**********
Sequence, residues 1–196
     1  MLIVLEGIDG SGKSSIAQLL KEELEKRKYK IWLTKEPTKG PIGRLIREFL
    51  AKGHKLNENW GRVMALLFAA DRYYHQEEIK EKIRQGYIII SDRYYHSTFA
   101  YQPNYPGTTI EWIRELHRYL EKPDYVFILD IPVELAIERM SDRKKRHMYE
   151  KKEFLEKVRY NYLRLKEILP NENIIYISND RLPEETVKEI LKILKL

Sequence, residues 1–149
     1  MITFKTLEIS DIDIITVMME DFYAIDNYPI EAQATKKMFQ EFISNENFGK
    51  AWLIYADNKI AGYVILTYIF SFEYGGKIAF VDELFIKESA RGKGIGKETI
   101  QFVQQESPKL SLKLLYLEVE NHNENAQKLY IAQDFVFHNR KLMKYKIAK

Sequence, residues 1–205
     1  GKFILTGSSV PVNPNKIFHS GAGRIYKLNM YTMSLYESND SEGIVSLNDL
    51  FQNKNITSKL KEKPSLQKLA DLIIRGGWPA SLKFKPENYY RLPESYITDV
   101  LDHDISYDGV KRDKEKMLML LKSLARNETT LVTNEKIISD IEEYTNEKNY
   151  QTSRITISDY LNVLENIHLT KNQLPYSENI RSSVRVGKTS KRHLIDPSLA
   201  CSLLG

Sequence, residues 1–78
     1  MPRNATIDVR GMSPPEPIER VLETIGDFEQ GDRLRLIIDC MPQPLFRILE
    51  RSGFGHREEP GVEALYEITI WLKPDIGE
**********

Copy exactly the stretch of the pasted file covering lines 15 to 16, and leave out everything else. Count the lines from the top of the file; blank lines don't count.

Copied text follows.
   201  CSLLG

Sequence, residues 1–78